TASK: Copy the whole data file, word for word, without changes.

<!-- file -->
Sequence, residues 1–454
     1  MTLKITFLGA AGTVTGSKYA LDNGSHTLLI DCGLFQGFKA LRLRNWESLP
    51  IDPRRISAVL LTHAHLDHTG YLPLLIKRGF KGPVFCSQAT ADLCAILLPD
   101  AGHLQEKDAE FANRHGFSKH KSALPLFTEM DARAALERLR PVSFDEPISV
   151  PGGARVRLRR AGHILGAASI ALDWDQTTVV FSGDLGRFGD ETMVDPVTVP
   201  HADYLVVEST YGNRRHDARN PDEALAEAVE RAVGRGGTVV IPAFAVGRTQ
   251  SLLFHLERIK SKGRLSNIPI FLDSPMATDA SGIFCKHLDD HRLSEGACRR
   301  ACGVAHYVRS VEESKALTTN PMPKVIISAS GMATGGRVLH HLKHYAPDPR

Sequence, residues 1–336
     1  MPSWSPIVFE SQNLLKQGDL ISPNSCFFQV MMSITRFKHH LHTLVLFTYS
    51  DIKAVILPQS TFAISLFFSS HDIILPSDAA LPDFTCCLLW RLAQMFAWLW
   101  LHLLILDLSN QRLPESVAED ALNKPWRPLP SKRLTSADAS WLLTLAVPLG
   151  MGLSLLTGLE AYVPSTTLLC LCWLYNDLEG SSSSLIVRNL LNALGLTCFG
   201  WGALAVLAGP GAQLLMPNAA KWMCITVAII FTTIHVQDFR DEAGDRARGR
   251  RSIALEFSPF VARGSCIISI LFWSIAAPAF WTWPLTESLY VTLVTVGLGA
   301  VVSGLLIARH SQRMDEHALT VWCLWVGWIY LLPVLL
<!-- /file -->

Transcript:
Sequence, residues 1–454
     1  MTLKITFLGA AGTVTGSKYA LDNGSHTLLI DCGLFQGFKA LRLRNWESLP
    51  IDPRRISAVL LTHAHLDHTG YLPLLIKRGF KGPVFCSQAT ADLCAILLPD
   101  AGHLQEKDAE FANRHGFSKH KSALPLFTEM DARAALERLR PVSFDEPISV
   151  PGGARVRLRR AGHILGAASI ALDWDQTTVV FSGDLGRFGD ETMVDPVTVP
   201  HADYLVVEST YGNRRHDARN PDEALAEAVE RAVGRGGTVV IPAFAVGRTQ
   251  SLLFHLERIK SKGRLSNIPI FLDSPMATDA SGIFCKHLDD HRLSEGACRR
   301  ACGVAHYVRS VEESKALTTN PMPKVIISAS GMATGGRVLH HLKHYAPDPR

Sequence, residues 1–336
     1  MPSWSPIVFE SQNLLKQGDL ISPNSCFFQV MMSITRFKHH LHTLVLFTYS
    51  DIKAVILPQS TFAISLFFSS HDIILPSDAA LPDFTCCLLW RLAQMFAWLW
   101  LHLLILDLSN QRLPESVAED ALNKPWRPLP SKRLTSADAS WLLTLAVPLG
   151  MGLSLLTGLE AYVPSTTLLC LCWLYNDLEG SSSSLIVRNL LNALGLTCFG
   201  WGALAVLAGP GAQLLMPNAA KWMCITVAII FTTIHVQDFR DEAGDRARGR
   251  RSIALEFSPF VARGSCIISI LFWSIAAPAF WTWPLTESLY VTLVTVGLGA
   301  VVSGLLIARH SQRMDEHALT VWCLWVGWIY LLPVLL